Prince William and Prince Harry's split was reportedly inevitable and not due to a feud between Prince Charles and Princess Diana's sons.

Earlier this week, Kensington Palace and Buckingham Palace announced that Prince Harry and wife Meghan Markle will move their office to Queen Elizabeth II's residence in the near future. Prince William and Kate Middleton, however, will remain in their home at Kensington Palace.

While some reports claimed that the split was due to rising tensions between the royal brothers and their wives, royal aides revealed that the Duke and Duchess of Sussex's move has long been planned.

Royal aides told Daily Mail that the brothers needed to separate mainly due to Prince William's future roles as the Prince of Wales and king. Splitting their "courts" now would make any future shakeups in the royal family, such as Prince Charles ascending to the throne and William becoming the official heir, easier to handle for everyone.

"It’s about placing the two dukes on a permanent footing that ensures changes aren’t needed again [when Charles accedes to the throne and William becomes Prince of Wales]," the palace insider said.

Prince Harry, William
Prince Harry, Duke of Sussex (L) and Prince Harry's brother and best man Prince William, Duke of Cambridge wait in the chapel ahead of his wedding to US actress Meghan Markle at St George's Chapel, Windsor Castle, in Windsor, on May 19, 2018. Getty Images/Owen Humphreys

Meanwhile, one of Queen Elizabeth II's former aides recently opened up about the reality behind working for the royal family. Dickie Arbiter worked with the monarch for 12 years, but he said he spent about half that time also helping out Prince Charles and first wife Princess Diana.

In an interview with Global News (via Express), Arbiter explained that he was exhausted to the point of nearly suffering from burnout while working for the Queen and her family.

“I was one of the Queen’s press secretaries with the remit," he said. “In addition to answering to her, 90 percent of my time was spent looking after the Prince of Wales and Princess Diana."

Arbiter added that if he had continued working for the royal family, he would have been "burnt out."

This comes amid reports that Meghan Markle's trusted aide Amy Pickerill has handed in her two weeks' notice. A source close to the situation told People that their parting is "amicable," and Markle's assistant private secretary will only leave after the Duchess of Sussex gives birth to her and Prince Harry's first child.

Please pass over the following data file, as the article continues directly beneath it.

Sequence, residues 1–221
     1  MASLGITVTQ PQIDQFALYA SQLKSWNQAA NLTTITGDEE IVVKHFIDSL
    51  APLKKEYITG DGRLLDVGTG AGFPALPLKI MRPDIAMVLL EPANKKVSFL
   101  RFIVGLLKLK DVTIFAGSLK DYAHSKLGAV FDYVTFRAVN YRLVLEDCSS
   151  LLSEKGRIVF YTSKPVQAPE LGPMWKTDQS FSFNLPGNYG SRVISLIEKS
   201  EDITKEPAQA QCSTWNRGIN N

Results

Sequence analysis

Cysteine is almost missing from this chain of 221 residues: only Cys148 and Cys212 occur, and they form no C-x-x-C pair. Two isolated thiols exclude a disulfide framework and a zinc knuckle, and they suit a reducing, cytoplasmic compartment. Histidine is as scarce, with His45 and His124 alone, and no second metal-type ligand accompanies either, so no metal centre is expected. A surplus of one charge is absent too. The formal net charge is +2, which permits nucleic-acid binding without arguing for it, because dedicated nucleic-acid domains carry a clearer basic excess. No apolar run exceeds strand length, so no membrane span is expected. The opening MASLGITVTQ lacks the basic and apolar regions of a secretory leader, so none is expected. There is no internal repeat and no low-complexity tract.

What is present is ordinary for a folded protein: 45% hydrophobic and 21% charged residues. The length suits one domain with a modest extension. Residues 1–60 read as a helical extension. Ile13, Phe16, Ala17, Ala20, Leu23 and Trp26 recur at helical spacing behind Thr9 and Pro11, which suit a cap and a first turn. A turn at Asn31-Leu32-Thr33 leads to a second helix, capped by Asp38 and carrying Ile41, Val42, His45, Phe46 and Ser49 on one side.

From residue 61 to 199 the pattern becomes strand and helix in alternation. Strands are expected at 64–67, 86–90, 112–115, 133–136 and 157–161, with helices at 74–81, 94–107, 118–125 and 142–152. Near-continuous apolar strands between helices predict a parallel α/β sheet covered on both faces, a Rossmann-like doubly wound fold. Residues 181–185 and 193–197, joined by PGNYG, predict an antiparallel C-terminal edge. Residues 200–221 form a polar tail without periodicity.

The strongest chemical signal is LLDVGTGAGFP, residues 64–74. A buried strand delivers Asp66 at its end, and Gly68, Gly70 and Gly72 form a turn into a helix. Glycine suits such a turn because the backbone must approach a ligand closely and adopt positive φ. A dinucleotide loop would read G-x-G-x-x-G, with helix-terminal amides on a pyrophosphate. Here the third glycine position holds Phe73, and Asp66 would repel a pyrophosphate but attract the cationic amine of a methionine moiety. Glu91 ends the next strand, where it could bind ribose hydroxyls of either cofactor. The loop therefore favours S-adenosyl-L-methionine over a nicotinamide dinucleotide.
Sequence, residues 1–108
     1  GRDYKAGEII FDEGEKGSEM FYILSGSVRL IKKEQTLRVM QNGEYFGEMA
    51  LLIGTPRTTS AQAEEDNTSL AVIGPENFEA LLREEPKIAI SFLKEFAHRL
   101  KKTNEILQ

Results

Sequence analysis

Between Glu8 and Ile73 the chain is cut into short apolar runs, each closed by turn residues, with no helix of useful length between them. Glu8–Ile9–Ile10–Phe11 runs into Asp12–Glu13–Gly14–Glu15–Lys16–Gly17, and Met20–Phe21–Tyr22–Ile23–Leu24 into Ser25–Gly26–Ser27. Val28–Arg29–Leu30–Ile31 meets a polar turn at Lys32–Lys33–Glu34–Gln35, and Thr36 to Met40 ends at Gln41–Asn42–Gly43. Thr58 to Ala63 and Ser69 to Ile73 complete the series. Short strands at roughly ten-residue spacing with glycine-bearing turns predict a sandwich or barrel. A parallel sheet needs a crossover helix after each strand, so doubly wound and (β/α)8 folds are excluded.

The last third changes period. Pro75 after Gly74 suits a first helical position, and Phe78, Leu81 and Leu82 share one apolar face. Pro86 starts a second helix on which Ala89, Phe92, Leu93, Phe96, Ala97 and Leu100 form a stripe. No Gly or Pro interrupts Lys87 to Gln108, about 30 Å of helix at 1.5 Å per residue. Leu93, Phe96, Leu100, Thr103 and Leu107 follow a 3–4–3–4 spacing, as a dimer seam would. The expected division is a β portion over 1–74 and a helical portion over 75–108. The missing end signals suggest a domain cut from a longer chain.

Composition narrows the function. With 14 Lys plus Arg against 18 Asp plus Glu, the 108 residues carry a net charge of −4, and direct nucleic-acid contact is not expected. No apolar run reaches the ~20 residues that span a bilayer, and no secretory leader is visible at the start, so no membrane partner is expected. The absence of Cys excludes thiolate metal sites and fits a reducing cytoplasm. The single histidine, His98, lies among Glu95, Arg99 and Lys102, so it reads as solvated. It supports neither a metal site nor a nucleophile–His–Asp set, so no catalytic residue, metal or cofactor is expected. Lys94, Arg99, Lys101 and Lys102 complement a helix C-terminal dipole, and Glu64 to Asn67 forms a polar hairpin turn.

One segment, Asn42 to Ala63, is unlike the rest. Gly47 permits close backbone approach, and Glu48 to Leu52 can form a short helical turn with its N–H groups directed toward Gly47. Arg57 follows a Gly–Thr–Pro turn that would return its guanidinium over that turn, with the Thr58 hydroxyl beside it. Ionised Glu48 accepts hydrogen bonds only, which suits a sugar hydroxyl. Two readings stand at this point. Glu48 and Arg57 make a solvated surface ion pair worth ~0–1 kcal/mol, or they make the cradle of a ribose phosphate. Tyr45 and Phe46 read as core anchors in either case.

Pickerill will also be on hand to assist the pregnant duchess when she and Prince Harry will move into their new home at Frogmore Cottage in Windsor. The Duke and Duchess of Sussex are reportedly hoping to settle down in their new residence before welcoming their firstborn in late April.

According to People, Pickerill reportedly plans to move abroad, but she will "stay in touch" with Markle, with whom she has apparently grown "very close."

Prior to joining Markle's staff, Pickerill had been a press spokesperson for Kensington Palace. She has reportedly been “instrumental in helping the duchess adjust to her new life in the U.K." Among the many projects she has helped Markle with is the "Together: Our Community Cookbook," the charity cookbook that the duchess helped create.

Last year, two of Markle's aides, Samantha Cohen and Melissa Touabti, reportedly also announced their decision to resign, according to The Sunday Times.

Cohen, who worked for the royal family for 17 years and is Queen Elizabeth II's former assistant private secretary, said that she plans to leave the palace after Markle gives birth in the spring. Meanwhile, Touabti turned in her resignation from her post as Markle's personal assistant after working for her for six months.